“Cases were also compared with the communities they were in, and the proportion you would have expected to have become infected was adjusted for this; after doing this the protection appears even better, at 47% and 85% in the 1-14 and 25-28 day periods respectively. The authors will, no doubt, explain more clearly the methods of adjustment – it is not very clear from this short letter how this was done. Until we see the methods we need to remain a little cautious about it (although I strongly suspect the authors will be able to explain and justify their methods).
“As far as I can tell, this particular letter does not include data on severe and mild infection – from other evidence (and experience with vaccination more generally) we would expect the vaccination to be more protective against severe disease than against mild disease, and more protective against mild disease than against asymptomatic infection. We may see more information on this when a more complete publication is made available. As the authors acknowledge, the lack of ‘active laboratory surveillance’ means that they are likely to have missed some asymptomatic cases.
“From what we can see from this letter, this appears to have been a rigorously conducted, real-world study of the effects of vaccination.
“I expect that, when the full study is published, we will see more data aimed at ruling out potential biases. For example, were those vaccinated earlier systematically different from those vaccinated later?
“Other evidence suggests that the efficacy of vaccination will continue to improve well after the (in this case) three weeks at which the second dose is given, so these data support earlier data suggesting that after 6 weeks or so, vaccine efficacy against symptomatic disease is likely to be of the order of 90%, possibly higher.”
Prof Deborah Dunn-Walters, Chair of the British Society for Immunology COVID-19 and Immunology Taskforce and Professor of Immunology at the University of Surrey, said:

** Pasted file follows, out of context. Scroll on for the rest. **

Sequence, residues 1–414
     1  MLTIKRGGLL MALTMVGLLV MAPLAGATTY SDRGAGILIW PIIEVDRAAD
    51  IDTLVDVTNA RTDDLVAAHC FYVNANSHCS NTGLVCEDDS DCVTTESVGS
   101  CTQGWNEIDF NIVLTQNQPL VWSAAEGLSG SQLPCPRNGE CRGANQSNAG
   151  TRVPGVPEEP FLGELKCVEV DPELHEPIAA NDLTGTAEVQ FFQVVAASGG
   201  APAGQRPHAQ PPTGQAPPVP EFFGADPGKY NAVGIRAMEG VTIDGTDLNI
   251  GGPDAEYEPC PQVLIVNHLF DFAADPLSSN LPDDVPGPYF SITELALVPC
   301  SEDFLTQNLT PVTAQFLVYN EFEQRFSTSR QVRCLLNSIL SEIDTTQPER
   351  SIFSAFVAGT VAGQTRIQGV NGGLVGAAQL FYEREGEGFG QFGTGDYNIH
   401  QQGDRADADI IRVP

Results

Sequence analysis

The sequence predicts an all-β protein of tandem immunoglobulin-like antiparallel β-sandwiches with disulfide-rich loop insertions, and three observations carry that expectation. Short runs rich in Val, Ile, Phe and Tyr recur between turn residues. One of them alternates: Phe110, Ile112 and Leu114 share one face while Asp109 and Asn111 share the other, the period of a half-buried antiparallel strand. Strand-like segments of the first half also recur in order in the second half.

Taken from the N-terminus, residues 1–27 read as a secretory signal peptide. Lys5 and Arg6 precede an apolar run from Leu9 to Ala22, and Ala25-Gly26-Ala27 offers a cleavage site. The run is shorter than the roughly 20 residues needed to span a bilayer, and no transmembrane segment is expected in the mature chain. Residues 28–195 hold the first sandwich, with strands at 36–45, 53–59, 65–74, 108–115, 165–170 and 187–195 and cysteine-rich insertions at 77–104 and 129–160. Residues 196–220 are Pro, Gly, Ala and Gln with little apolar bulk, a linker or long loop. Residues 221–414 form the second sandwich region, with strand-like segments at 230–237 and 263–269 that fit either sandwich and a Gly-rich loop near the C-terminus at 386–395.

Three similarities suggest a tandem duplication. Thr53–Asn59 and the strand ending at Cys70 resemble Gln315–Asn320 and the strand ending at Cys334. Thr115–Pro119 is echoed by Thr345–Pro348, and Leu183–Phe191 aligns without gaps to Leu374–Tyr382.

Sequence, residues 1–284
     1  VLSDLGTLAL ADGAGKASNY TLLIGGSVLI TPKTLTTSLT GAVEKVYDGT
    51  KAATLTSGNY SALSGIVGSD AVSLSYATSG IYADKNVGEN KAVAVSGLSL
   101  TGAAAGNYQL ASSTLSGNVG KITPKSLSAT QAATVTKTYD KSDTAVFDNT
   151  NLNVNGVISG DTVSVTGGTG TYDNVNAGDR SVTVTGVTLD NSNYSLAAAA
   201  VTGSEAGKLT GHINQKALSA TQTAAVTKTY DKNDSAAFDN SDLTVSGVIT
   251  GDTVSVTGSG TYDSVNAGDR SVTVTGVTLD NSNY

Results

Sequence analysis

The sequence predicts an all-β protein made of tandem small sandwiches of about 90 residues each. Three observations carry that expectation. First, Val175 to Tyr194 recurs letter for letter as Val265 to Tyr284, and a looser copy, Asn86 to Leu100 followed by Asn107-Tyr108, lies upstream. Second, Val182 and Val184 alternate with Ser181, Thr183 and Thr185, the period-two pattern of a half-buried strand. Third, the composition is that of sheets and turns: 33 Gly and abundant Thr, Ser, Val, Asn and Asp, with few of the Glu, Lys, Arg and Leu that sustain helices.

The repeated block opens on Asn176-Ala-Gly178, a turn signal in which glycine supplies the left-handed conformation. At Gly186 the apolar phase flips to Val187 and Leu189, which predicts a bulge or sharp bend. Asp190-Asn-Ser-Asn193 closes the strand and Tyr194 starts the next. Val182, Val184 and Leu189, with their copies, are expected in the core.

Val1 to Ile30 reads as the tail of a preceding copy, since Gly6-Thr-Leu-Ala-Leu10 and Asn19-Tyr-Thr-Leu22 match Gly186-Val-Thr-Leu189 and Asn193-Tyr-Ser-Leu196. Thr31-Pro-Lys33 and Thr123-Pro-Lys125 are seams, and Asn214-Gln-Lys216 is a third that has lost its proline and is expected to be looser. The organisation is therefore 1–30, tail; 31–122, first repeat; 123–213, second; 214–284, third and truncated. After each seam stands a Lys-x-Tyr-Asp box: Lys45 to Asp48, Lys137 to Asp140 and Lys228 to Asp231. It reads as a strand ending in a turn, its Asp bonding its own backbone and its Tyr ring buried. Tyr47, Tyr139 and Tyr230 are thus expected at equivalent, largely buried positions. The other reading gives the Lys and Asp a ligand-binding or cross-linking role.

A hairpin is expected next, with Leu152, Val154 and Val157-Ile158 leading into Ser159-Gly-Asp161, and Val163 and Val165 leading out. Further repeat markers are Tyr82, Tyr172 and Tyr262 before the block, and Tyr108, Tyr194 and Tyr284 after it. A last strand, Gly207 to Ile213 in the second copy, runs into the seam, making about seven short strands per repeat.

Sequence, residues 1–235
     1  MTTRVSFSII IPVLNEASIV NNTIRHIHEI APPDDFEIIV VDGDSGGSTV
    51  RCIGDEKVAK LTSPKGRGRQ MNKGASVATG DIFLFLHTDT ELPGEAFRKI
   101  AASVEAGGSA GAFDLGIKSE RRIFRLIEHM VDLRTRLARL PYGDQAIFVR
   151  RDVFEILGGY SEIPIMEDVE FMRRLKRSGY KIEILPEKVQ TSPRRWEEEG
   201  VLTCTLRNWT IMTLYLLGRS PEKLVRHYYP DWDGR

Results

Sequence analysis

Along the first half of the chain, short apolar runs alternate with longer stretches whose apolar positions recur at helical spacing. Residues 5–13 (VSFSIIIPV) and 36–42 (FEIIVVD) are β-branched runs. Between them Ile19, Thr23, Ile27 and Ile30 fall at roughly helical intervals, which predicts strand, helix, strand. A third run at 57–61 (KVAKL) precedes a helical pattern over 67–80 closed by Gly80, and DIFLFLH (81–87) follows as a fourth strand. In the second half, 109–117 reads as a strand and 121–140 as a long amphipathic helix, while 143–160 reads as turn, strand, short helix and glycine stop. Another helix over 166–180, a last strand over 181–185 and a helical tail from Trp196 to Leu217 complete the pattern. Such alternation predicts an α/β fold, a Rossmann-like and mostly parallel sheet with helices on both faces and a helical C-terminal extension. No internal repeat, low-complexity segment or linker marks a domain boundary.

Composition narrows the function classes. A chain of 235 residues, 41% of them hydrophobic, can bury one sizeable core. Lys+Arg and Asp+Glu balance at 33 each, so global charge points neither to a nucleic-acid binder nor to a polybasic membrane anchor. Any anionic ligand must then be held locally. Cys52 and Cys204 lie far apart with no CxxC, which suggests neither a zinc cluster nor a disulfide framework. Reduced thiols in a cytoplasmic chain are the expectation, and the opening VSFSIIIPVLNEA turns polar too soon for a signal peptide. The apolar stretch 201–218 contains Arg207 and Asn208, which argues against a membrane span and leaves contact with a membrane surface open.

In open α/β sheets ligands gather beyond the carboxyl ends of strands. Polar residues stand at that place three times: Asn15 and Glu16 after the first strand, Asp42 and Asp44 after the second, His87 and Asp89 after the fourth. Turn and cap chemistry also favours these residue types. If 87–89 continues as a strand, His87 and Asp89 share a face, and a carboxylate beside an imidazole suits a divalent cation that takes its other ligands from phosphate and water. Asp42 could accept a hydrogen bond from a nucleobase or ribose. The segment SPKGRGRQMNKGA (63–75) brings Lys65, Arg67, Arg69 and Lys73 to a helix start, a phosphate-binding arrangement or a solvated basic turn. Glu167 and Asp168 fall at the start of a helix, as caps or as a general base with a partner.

“Due to the high percentage of the Israeli population vaccinated so far, we have been awaiting data from there to indicate the first signs of how effective COVID-19 vaccines are outside of a clinical trial setting and how dosing schedule plays into this. These data on a good sample size of over 9,000 people show that the Pfizer/BioNTech vaccine is 85% effective in stopping symptomatic disease at 15-28 days after the first dose. This is certainly promising.
“The timescale over which effectiveness is measured in this study (at 15-28 days) is important. The immune response generated by any vaccine takes approximately 10-14 days to develop the all-important immune memory that stops us getting sick if we come in contact with the real virus. Studies that look at infection rates from 0-14 days after the first dose of a vaccine are not very informative as we know that the immune system is building its memory at this time and protection will not yet be up to maximum power.
“It should be noted that this study was carried out on people of working age, so it will be informative to see a similar study in older people after one dose. Although further research is needed, overall these new findings should provide reassurance around the UK’s decision to offer the two doses of the vaccine 12 weeks apart.
“While the results of this study show that a good level of immunity is present after one dose of the Pfizer/BioNTech vaccine, it is still the case that the highest and longest lasting protection from getting ill with COVID-19 will only be provided by getting two doses of the vaccine. It is critical that all people eligible for COVID vaccination do return to get their second dose when asked to do so by their medical providers.”
‘Early rate reductions of SARS-CoV-2 infection and COVID-19 in BNT162b2 vaccine recipients’ by Sharon Amit et al. was published in the Lancet on Thursday 18 February 2021.
Dr Peter English: “No interests to declare.”
Prof Deborah Dunn-Walters: “No interests to declare.”